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Girlanda, M; Segreto, R; Cafasso, D; Liebel, HT; Rodda, M; Ercole, E; Cozzolino, S; Gebauer, G; Perotto, S: Photosynthetic Mediterranean meadow orchids feature partial mycoheterotrophy and specific mycorrhizal associations, American Journal of Botany, 98, 1148-1163 (2011), doi:10.3732/ajb.1000486

● Premise of the study: We investigated whether four widespread, photosynthetic Mediterranean meadow orchids (Ophrys fuciflora, Anacamptis laxiflora, Orchis purpurea and Serapias vomeracea) had either nutritional dependency on mycobionts or mycorrhizal fungal specificity. Nonphotosynthetic orchids generally engage in highly specific interactions with fungal symbionts that provide them with organic carbon. By contrast, fully photosynthetic orchids in sunny, meadow habitats have been considered to lack mycorrhizal specificity.

● Methods: We performed both culture-dependent and culture-independent ITS sequence analysis to identify fungi from orchid roots. By analyzing stable isotope (13C and 15N) natural abundances, we also determined the degree of autotrophy and mycoheterotrophy in the four orchid species.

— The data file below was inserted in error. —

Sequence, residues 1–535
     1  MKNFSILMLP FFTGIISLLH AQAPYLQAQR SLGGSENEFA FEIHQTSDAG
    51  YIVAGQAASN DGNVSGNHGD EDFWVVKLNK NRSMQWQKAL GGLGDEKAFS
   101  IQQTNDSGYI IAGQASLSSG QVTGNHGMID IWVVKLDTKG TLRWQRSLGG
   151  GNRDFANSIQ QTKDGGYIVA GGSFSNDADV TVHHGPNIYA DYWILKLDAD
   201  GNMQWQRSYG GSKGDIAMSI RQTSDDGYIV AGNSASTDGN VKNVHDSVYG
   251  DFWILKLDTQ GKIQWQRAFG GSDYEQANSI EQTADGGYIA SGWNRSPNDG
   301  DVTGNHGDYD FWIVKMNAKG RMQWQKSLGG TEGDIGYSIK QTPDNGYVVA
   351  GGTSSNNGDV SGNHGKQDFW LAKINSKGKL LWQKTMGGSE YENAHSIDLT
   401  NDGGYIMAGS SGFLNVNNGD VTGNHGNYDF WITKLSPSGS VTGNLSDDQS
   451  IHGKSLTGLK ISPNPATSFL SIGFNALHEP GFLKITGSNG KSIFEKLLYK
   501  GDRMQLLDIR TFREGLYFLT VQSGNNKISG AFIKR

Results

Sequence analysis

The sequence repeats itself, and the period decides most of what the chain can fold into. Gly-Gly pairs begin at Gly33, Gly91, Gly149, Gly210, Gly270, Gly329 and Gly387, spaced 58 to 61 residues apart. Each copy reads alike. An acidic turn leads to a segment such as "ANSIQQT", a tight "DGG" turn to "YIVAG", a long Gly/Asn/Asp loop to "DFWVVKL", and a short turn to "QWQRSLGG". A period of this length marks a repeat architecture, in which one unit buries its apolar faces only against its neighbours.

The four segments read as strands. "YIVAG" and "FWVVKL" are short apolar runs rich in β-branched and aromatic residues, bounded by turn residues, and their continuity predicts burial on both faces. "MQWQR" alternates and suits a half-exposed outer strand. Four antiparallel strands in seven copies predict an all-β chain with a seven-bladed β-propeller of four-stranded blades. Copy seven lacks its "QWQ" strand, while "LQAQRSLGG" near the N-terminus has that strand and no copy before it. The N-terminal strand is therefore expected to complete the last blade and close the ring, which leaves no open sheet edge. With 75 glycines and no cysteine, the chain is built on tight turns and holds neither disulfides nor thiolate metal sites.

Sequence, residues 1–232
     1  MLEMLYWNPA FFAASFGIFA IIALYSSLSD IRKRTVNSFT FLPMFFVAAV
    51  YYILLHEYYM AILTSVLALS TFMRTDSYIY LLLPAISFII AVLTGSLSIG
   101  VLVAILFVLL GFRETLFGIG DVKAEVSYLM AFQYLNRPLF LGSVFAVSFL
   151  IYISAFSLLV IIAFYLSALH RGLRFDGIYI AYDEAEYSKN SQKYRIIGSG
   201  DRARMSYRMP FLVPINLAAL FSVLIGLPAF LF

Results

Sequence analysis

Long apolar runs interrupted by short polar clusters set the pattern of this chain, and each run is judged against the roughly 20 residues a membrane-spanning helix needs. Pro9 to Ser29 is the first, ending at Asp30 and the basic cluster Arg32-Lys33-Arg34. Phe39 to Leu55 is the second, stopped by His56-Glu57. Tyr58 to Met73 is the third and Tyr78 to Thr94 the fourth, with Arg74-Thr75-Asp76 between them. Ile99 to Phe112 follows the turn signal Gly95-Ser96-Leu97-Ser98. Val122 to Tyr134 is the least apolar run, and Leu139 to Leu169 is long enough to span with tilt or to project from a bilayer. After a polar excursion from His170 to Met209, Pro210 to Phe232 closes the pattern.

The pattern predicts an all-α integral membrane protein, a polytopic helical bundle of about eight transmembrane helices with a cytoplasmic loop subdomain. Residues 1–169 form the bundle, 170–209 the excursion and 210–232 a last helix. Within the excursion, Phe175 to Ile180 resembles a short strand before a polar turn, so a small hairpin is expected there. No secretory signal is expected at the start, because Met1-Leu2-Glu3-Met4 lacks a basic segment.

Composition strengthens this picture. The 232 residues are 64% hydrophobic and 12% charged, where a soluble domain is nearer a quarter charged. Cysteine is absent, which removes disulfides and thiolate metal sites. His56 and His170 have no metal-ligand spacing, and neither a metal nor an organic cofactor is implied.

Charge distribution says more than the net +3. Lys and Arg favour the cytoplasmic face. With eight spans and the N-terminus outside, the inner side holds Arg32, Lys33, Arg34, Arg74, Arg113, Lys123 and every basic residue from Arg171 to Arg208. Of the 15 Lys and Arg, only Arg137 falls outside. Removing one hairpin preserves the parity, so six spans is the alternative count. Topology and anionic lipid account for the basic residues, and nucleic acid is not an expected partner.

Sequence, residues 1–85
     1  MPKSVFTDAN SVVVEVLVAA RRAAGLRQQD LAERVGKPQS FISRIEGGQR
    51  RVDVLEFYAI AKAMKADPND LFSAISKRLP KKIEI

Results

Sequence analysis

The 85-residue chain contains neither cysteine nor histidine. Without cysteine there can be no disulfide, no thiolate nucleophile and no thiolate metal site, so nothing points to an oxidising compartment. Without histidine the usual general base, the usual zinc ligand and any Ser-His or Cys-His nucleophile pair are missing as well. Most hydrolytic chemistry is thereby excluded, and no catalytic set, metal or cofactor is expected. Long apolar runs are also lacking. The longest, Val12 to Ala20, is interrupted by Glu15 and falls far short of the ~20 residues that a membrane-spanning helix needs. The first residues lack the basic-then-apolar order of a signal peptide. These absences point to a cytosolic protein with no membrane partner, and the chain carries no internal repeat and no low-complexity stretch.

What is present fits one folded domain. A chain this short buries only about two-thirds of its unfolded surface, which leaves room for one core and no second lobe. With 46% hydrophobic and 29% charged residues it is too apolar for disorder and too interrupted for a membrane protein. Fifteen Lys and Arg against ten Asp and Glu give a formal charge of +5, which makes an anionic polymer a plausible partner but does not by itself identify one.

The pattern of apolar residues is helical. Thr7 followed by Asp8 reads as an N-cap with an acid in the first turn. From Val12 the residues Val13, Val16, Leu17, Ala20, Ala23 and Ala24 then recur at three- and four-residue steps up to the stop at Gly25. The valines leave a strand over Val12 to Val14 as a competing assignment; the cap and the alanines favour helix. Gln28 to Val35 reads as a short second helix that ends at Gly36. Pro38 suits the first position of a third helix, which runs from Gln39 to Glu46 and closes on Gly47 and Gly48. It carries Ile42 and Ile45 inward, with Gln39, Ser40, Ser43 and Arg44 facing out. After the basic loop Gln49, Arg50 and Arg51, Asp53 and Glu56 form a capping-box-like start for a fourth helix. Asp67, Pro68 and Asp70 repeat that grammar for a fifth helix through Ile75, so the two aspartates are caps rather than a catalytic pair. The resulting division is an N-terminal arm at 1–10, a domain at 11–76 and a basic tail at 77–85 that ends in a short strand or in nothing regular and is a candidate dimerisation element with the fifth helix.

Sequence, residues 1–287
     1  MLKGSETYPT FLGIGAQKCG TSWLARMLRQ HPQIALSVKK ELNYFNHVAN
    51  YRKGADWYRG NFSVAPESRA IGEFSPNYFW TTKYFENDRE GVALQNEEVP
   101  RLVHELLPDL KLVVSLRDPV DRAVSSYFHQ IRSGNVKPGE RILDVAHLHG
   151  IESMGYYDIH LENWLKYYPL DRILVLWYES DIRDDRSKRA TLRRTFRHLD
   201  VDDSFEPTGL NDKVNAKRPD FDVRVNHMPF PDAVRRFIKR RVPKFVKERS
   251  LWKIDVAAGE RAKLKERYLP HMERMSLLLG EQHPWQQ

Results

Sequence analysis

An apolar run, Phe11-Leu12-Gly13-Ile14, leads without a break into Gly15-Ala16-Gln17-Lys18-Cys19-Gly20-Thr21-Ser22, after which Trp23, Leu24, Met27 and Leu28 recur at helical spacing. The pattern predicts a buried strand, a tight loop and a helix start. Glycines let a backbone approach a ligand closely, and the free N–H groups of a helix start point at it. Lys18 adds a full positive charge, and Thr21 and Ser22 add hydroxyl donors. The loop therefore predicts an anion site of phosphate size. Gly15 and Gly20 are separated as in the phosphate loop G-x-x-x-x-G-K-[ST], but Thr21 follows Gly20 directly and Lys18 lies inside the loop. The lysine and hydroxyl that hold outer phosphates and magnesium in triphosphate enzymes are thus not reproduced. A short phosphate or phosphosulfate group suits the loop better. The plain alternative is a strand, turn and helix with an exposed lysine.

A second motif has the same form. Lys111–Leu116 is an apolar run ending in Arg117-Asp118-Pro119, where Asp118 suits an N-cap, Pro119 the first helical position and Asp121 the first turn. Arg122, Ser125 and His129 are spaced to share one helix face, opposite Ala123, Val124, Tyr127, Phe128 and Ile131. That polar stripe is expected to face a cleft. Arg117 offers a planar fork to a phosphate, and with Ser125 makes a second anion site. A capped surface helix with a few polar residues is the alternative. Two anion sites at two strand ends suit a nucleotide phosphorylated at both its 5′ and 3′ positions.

● Key results: Phylogenetic and multivariate comparisons indicated that Or. purpurea and Oph. fuciflora featured lower fungal diversity and more specific mycobiont spectra than A. laxiflora and S. vomeracea. All orchid species were significantly enriched in 15N compared with neighboring non-orchid plants. O. purpurea had the most pronounced N gain from fungi and differed from the other orchids in also obtaining C from fungi.

● Conclusions: These results indicated that even in sunny Mediterranean meadows, orchids may be mycoheterotrophic, with correlated mycorrhizal fungal specificity.

Letzte Änderung 29.01.2013